Chennai: Alcohol consumption in India has almost doubled in the last decade. The World Health Organization (WHO) reports recorded an increase in per capita consumption of pure alcohol from 1.82 litres in 2000, to 2.46 litres in 2010. The WHO predicts the consumption to swell up to 4.9 litres by 2050 in India. Alcohol consumption among women is also on a sharp rise.
In Tamil Nadu, the Tamil Nadu State Marketing Corporation (TASMAC) revenue continues to be one of the major sources of income for the state government. A PTI report recorded a 19.91% increase in liquor sales in 2012-13, earning revenue of about Rs 21,680.67 crore.
“More and more people are drinking these days. The city stress is getting to them and TASMAC shops are around every corner of the city. When I started going to Alcoholic Anonymous (AA) meetings 10 years ago, we were only a small group of five, now we are about 25 regular attendees”, said an AA coordinator.
The number of AA groups in Tamil Nadu has also increased considerably. There are about 200 AA group meetings across the State and about 100 AA groups in Chennai attended by men who believe they have a problem; Chennai has no Women- only AA meetings.
“Whereas women form 30% of AA abroad, in India it’s only 1%”, according to a Times of India report.
In December 2014, ACS Medical College Chennai conducted a study about the “Drinking Habits, Health, Social and Behavioural Aspects of Alcohol Users in A Semi Urban Population in Chennai” recording a “change in alcohol consumption trends, such as early age-of-onset of drinking, increasing usage among women, change in drinking patterns and increasing alcohol dependence problems.”
To change the taboo attached with women alcoholics, a group of 65 women, all recovering alcoholics, came to Chennai to spread awareness and share their struggle with alcoholism. They targeted colleges understanding the drinking culture among students. This was in January 2013, and still, there is no proper help available for women alcoholics in the city.
“There are three things about women alcoholics; first, their alcoholism is much well hidden than the alcoholism among males. Second, because they are able to hide it very comfortably, as a result, they much more heavily dependent when they decide to seek treatment. Third, is the stigma attached with a woman and alcoholism in our culture. When they seek treatment and people find out, they usually shun her out of the social circle, which pushes her further way from seeking treatment.
All these make it difficult for her to seek help. The stress attached with being judged increases their dependency on alcohol. They have increased depression and psychology issues in comparison with men dealing with alcoholism.” said Dr. Vijayalaxmi Vijyakumar, Head of the Department of Psychiatry at the Voluntary Health Services (VHS), Taramani, Chennai.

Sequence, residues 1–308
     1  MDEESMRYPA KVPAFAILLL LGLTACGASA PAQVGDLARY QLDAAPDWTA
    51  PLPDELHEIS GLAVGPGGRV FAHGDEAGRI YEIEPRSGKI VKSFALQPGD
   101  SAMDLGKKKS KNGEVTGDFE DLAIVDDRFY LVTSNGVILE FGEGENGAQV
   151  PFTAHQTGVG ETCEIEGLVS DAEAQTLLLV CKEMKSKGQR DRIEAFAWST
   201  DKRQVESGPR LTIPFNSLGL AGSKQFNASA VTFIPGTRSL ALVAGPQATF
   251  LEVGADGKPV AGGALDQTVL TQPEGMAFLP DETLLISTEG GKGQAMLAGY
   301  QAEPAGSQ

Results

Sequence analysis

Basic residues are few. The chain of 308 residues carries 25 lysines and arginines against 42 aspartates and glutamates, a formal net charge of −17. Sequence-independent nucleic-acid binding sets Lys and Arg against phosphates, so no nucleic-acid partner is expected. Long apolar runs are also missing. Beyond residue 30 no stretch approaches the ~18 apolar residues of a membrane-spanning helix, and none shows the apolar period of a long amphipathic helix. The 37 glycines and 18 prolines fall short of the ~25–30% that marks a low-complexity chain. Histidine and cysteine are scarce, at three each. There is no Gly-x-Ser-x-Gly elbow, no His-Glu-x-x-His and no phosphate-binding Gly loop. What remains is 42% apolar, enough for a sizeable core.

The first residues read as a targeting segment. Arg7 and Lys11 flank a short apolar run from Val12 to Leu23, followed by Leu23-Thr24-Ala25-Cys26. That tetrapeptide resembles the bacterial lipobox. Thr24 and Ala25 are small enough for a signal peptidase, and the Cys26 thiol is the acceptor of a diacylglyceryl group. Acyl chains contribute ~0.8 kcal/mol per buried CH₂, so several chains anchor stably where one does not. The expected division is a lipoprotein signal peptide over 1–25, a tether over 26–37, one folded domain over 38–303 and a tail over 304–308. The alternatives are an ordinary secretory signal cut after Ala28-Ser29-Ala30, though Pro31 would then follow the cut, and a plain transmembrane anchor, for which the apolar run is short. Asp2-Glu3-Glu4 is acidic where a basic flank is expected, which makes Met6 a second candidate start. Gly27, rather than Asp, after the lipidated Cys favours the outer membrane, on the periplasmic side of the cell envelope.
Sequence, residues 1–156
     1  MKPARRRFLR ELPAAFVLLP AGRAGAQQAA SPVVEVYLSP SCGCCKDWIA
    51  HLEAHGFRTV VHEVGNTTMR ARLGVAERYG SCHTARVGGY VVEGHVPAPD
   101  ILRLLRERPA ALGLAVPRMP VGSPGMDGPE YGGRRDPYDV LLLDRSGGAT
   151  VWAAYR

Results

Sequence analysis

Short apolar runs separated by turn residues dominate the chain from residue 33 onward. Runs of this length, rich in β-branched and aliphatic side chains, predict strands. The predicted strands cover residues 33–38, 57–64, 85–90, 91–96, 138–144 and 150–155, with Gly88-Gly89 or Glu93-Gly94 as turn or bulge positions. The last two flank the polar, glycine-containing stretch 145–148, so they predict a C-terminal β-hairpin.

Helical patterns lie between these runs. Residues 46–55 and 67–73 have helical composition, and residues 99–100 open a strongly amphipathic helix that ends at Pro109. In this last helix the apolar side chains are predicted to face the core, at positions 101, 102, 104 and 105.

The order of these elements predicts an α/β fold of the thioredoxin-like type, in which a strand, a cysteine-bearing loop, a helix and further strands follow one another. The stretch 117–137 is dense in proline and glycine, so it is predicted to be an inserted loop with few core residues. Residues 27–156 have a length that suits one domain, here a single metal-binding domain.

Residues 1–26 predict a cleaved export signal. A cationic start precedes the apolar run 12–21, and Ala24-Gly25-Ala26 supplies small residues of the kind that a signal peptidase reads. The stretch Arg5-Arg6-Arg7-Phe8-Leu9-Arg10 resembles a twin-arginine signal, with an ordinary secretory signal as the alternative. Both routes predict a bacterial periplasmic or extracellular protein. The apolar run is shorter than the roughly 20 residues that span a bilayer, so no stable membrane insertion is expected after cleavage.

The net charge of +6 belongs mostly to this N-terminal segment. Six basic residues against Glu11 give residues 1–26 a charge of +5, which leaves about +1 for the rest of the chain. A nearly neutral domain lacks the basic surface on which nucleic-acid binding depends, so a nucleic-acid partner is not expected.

“Till the time it does not become a medical issue, they do not show up for treatment. But even when they first show up here, they come with their alcoholic husbands. It is only later that we find out that the woman also has an alcohol problem”, Dr. Vijyakumar added.
De-addiction centres usually advise their treated patients to attend AA meetings regularly after they have left the centre. Even after women are treated, the option of AA meetings and group therapy remains largely closed for them in the city.
Some of the highly rated de-addiction centres in the city are only for male patients. For example, Serene Life Hospital, which comes highly recommended by reformed alcoholics, treats only male patients and Boaz Memorial Hospital, which specialises in psychiatric rehabilitation, has zero female patients.
“The number of alcoholics is increasing. Even though the service at VHS is mainly for lower and middle income families, we do have women from relatively higher classes who are desperate for help. It has mainly been housewives, fishermen’s wives and women with lower class who come here for treatment. But as of recently, we have seen a lot of young kids, students have also started heavily drinking”, said Dr. Vijyakumar.
“If you really look at how it started, you will find out that it was the husband who got their wives started. They give them a drink when they have a drink and there it starts.
In fact, we had a case where the husband was an alcoholic and since he wanted company, he started making his wife drink with him. She had no clue what she was doing until her husband suddenly passed away. She went into a withdrawal phase because she didn’t know how to cope. She had never bought alcohol for herself, it was always the husband. She did not know how to buy it or how much was the cost. Then she developed a medical issue and came here. That is when we found out that alcohol was the problem”, added Dr. Vijyakumar.
At VHS, there are no Non-govenmental Organizations (NGOs) referring patients to the hospital and no advertisement screaming to help women alcoholics. They have about four to five women every year wanting to take the path of recovery. The success stories of the treatment are only communicated by the word of mouth. VHS had their last patient two months ago and currently has seven male patients in their de-addiction centre.
The women who don’t know about the treatment continue to suffer in silence, said Dr. Vijyakumar.